WEST DES MOINES, Iowa—Demographically and economically, Iowa isn’t actually that representative of the country as a whole. But even as the demographics and economics make it less like the rest of America, Iowa’s absurdly outsize role in picking the leader of the free world remains.
Enter two candidates, in the space of 48 hours, who both see the state as crucial: two women, two senators, two former local prosecutors, two people who had breakout moments during Brett Kavanaugh’s Supreme Court confirmation hearings last fall, two presidential hopefuls on their second trips to Iowa since launching their campaigns.
Amy Klobuchar and Kamala Harris need the same thing, but they need it for opposite reasons.
Literally dozens more Democrats are in or circling the race. But the dynamics between these two, both doing well in early polls, contrast familiar Midwest pragmatism with diverse Left Coast progressivism. And most important for the ultra-energized voters here: Who is best to beat Donald Trump?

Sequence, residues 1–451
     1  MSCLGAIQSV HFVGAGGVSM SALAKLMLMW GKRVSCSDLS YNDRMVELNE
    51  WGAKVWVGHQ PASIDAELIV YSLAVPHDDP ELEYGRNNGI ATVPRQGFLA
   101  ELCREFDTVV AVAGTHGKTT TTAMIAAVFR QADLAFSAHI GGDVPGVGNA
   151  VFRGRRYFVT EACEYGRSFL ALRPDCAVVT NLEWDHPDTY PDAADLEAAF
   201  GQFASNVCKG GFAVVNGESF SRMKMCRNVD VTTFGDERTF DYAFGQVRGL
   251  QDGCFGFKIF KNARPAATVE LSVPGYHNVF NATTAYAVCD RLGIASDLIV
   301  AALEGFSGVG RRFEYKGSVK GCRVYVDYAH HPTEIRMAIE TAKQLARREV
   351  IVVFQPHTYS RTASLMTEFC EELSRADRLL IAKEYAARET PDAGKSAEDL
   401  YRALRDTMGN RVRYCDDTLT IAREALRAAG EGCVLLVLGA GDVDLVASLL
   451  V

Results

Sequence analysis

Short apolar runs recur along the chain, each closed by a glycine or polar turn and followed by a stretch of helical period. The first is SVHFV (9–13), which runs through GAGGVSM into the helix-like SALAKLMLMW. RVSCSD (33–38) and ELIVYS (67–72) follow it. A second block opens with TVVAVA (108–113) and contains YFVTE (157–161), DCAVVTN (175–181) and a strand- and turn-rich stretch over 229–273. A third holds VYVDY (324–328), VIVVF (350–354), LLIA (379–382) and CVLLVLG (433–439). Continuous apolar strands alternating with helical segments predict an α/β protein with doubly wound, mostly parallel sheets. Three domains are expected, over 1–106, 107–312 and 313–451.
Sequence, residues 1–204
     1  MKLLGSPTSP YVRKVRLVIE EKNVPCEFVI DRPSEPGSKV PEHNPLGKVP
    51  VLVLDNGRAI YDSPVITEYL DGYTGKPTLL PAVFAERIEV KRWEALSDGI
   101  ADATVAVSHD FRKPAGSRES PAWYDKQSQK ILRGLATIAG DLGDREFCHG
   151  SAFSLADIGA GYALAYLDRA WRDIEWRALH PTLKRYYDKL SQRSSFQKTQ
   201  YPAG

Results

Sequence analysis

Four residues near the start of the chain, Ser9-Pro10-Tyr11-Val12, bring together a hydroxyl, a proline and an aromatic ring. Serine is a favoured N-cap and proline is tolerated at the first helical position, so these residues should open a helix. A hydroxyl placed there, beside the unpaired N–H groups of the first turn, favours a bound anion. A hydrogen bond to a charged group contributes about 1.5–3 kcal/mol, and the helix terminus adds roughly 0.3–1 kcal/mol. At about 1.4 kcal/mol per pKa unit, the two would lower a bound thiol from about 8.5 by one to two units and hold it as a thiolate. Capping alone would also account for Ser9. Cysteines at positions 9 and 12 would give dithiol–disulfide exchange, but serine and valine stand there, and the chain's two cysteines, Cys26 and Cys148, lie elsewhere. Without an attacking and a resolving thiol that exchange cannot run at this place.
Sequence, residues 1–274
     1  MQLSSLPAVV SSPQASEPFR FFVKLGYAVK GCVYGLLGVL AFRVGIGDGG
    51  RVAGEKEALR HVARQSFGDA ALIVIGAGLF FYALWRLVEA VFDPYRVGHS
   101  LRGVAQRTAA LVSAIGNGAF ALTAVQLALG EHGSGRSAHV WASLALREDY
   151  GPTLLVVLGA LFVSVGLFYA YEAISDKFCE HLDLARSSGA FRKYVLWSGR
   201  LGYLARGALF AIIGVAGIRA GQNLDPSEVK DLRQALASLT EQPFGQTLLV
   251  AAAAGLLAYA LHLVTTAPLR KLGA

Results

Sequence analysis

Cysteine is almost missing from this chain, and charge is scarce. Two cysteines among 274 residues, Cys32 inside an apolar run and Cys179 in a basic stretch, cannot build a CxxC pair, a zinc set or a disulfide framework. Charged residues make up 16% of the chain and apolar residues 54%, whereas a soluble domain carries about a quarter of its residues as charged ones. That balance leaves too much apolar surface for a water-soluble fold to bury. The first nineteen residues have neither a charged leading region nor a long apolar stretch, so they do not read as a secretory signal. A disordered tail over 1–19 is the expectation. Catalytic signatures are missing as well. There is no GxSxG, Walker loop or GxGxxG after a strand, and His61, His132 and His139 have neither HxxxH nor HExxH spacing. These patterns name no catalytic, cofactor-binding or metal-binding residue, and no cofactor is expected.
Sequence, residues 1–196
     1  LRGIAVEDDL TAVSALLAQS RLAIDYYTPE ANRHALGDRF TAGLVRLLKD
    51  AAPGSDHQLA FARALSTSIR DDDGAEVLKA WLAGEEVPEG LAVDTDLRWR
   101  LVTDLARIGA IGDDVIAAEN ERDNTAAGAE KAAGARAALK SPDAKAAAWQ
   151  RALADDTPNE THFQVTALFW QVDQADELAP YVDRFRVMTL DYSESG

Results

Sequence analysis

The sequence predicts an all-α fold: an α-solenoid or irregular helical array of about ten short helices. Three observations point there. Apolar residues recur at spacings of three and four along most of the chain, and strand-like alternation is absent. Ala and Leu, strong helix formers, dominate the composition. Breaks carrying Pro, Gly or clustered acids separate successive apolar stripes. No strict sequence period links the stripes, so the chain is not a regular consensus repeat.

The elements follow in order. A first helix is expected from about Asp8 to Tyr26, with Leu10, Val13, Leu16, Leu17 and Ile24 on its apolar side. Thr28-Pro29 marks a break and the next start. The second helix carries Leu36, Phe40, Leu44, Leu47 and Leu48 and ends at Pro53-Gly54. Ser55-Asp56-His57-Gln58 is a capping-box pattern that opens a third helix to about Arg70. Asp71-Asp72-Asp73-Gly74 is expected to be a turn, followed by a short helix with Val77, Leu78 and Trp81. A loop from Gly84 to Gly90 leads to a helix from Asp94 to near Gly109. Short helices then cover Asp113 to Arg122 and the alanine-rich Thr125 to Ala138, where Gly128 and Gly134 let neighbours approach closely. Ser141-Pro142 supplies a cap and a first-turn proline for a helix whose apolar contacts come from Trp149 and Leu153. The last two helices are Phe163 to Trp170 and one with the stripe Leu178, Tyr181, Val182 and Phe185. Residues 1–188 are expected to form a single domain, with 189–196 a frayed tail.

For Klobuchar, Iowa is her neighbor to the south—“We can see it from our porch in Minnesota” is the line she uses—conveniently located in geography and order on the primary calendar. A win in the Iowa caucuses could validate her pitch that the 2020 election is calling out for someone who can link the years her grandfather spent working in a mine to the “grit” to stand in a snowstorm for her own campaign announcement two weeks ago, and connect a purported hard-nosed pragmatism to years of big wins in her home state. For Harris, the state is the essential test of whether the parts of the country far from the square in Oakland where 22,000 stood in the streets for her announcement rally last month are really ready for a half-Jamaican, half-Indian woman from California who speaks bluntly about what’s gone wrong with America.